Tribal law states that it’s illegal to “falsely pretend to hold a position in the public service with the purpose to induce another to submit to such pretended official authority or otherwise to act in reliance upon that pretense to his prejudice.” The crime is punishable by up to three years in prison and $15,000 in fines.
In a follow-up interview, Sneed said that to his knowledge the Internal Audit and Ethics reports have not been sent to the tribal prosecutor. He said there is “no clear indication” that a crime has been committed, as there was no fiscal management policy in TABCC at the time for Taylor to violate and that Ross “wasn’t flashing a badge or anything like that” when he claimed to be an ALE officer.
“Whether or not saying, ‘I’m an ALE officer’ constitutes impersonating an officer or an actual criminal act, I don’t know,” Sneed said. “We will definitely look into that. But right now, I’m just trying to get through this process of having him removed because he’s disqualified himself from serving in that capacity.”
Throughout the conversation ran an undercurrent that burst to the surface with a comment from the audience that led Chairman Richard French to clear the chambers — though the meeting continued to broadcast.
“I’m married to his ex-wife,” Sneed said, voicing the tension. “That’s it. That has no meaning or purpose in this discussion.”
Sneed married his wife, who had previously been married to Ross, in January 2022. He beat back against rumor that his efforts to remove Ross were borne out of personal animosity, pointing out the investigation did not originate from his office and that he responded to the findings against Ross and Taylor in the same way — by offering them a chance to resign and pledging to seek their removal should they choose not to.
“Had I treated him differently than I treated Commissioner Taylor, there might be some validity to that argument, but the reality is I treated both gentlemen the exact same way,” Sneed said.
Seeing that the resolution had little chance of passing, Sneed requested that Tribal Council withdraw it, and that move passed unanimously.
“If that’s how it’s going to be, I will withdraw the resolution, and I will wait for TABCC to bring in a resolution to have him removed, and then there can be zero conflict where they’re saying, ‘Well, this is just me going after Shannon,’” Sneed said. “Because I’m not.”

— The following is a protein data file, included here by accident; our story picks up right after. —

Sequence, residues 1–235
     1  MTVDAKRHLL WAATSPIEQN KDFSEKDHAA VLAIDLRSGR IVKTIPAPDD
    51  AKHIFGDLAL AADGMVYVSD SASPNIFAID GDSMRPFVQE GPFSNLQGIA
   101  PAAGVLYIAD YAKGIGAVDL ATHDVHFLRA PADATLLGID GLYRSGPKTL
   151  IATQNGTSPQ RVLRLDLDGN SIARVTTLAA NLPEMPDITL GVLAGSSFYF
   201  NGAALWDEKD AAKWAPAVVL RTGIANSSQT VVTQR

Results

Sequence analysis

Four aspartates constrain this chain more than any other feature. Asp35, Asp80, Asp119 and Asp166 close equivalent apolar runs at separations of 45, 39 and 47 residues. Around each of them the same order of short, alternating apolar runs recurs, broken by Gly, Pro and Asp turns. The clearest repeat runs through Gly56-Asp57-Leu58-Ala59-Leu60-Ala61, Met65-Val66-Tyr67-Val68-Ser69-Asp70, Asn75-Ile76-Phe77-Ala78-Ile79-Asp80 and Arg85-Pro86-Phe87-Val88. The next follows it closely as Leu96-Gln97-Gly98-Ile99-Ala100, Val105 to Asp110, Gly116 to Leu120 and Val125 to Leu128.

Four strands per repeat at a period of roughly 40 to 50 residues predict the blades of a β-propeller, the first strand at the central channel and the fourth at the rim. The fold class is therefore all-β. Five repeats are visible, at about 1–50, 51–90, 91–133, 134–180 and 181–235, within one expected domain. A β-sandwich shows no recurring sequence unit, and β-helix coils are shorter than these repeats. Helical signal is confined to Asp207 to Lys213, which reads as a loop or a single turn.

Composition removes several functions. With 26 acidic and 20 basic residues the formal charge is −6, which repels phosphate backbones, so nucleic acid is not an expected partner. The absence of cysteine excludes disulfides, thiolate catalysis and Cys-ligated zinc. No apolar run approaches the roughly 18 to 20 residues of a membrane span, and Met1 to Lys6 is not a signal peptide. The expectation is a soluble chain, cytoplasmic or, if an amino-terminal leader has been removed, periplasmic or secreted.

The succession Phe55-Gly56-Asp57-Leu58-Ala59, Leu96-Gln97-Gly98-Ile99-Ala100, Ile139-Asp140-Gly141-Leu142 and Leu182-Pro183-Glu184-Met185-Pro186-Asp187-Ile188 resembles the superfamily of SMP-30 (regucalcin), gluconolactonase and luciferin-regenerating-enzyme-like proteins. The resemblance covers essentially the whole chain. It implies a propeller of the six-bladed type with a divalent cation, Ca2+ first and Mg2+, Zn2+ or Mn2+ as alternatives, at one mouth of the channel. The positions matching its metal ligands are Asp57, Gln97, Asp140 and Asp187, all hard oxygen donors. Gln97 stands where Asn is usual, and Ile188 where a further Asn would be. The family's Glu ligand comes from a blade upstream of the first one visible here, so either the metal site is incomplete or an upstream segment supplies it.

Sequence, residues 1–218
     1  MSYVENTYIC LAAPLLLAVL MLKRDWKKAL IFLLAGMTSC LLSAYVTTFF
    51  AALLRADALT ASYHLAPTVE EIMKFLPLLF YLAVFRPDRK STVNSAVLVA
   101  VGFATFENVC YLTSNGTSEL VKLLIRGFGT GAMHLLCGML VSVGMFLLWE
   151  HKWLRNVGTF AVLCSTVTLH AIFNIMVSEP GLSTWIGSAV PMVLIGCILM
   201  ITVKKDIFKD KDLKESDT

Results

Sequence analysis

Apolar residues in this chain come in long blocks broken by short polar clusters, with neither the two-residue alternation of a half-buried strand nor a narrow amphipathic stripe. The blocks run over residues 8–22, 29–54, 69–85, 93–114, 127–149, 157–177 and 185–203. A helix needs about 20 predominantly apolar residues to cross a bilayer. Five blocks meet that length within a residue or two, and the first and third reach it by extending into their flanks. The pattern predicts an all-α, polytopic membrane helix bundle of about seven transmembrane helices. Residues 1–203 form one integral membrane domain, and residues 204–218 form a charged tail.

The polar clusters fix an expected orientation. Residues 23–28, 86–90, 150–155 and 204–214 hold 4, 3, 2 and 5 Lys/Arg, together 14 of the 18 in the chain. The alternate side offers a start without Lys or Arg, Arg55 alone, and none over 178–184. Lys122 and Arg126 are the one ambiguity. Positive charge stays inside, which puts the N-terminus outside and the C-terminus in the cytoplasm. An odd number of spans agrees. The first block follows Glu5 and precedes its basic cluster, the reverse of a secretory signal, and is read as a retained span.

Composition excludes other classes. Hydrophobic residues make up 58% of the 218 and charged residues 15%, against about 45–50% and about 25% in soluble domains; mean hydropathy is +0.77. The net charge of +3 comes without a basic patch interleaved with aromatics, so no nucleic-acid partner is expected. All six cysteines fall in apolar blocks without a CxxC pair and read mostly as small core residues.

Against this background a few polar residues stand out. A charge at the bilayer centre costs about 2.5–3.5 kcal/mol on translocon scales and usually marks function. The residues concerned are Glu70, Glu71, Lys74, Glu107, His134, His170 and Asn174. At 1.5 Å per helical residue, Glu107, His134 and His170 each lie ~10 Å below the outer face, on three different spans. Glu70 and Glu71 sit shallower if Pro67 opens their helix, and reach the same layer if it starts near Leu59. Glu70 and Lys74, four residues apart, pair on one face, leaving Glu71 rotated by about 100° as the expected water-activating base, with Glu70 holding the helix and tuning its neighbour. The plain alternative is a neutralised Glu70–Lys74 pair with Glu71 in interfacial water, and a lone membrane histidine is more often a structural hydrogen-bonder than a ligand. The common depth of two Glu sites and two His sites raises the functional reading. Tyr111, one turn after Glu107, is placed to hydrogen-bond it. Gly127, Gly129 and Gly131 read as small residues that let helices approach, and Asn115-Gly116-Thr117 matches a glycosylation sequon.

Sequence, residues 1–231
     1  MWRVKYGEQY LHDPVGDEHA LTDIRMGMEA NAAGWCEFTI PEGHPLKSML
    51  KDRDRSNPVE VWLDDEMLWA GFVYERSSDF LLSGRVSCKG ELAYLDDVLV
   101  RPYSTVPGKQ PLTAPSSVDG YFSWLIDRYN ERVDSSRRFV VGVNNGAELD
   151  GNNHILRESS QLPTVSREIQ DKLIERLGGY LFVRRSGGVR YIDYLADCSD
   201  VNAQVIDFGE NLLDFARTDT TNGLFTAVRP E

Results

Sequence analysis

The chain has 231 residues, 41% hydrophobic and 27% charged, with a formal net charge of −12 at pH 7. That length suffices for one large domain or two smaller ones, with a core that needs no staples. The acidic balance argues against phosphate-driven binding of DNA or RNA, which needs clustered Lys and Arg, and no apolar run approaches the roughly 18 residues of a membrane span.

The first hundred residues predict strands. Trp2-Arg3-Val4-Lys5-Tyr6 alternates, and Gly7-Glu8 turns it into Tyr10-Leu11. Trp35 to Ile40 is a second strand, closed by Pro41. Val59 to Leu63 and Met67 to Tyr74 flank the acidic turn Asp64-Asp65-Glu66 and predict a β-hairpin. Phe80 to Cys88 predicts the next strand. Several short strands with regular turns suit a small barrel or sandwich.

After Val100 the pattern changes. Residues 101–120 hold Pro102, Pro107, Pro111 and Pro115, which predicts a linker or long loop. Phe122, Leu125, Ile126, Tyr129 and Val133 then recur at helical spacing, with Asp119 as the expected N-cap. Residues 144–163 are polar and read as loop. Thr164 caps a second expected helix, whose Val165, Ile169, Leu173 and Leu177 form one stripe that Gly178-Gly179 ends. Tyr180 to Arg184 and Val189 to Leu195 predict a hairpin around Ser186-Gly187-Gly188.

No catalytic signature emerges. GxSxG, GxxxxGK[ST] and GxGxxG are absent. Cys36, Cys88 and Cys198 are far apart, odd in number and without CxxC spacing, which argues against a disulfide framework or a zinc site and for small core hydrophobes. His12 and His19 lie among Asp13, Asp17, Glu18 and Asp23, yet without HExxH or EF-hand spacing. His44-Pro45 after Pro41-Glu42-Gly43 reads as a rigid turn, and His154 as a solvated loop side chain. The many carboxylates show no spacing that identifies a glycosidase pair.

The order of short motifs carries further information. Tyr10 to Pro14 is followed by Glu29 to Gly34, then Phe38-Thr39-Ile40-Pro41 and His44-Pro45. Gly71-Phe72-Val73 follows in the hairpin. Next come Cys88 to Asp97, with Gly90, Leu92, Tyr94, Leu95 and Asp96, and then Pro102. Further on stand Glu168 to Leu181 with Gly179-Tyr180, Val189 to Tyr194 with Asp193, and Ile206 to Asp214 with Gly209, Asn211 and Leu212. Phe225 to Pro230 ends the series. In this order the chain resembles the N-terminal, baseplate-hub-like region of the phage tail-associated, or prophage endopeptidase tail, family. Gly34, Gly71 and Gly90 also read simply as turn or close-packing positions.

Shot down solutions
Over the last couple decades, the tribe has created a growing number of independent boards and commissions that operate with large budgets and make consequential decisions. Asked what he’d like to see change to prevent future findings like those contained in the report that prompted Taylor’s resignation, Sneed pointed to an ordinance he tried to introduce in January but which Chairman Richard French refused to place on the agenda.
The ordinance would have required the tribe’s boards, committees and commissions to appear before Tribal Council quarterly and answer the body’s questions about their activities. Typically, any ordinances submitted on time and in the proper format are included on the agenda, read into the record, and brought back for a vote or debate the next month.
However, Sneed’s ordinance was not placed on the agenda and French did not give a direct answer when Sneed asked what aspect of the submitted format was improper. After spending 30 minutes debating the merits of the resolution Sneed had not been allowed to submit, Tribal Council voted 7-5 against adding it to the agenda. Opposing a motion to consider the ordinance were Painttown Reps. Michael Stamper and Dike Sneed; Wolfetown Reps. Andrew Oocumma and Bo Crowe; Big Cove Rep. Teresa McCoy and Chairman Richard French; and Vice Chairman Albert Rose.
Nevertheless, Tribal Council is likely to discuss Sneed’s suggestions again. The February agenda included an ordinance that Sneed said is “almost the exact same” as his, but submitted by the Community Club Council. That submission was deemed read and tabled without issue.
“In the short term that gives some level of oversight,” Sneed said. “That’s all it does, give some level of oversight, some level of accountability.”
In the long term, Sneed would like to see the tribe contract with an outside attorney to go through the disparate sections of code setting up the tribe’s various appointed bodies and bring in ordinance changes to establish some continuity between them.
“These boards and commissions have been created over the course of the last 25 years,” he said. “And there’s not a lot of continuity between the reporting, the accountability, how people are appointed, how people are removed.”
Neither Taylor nor Ross returned a request for comment.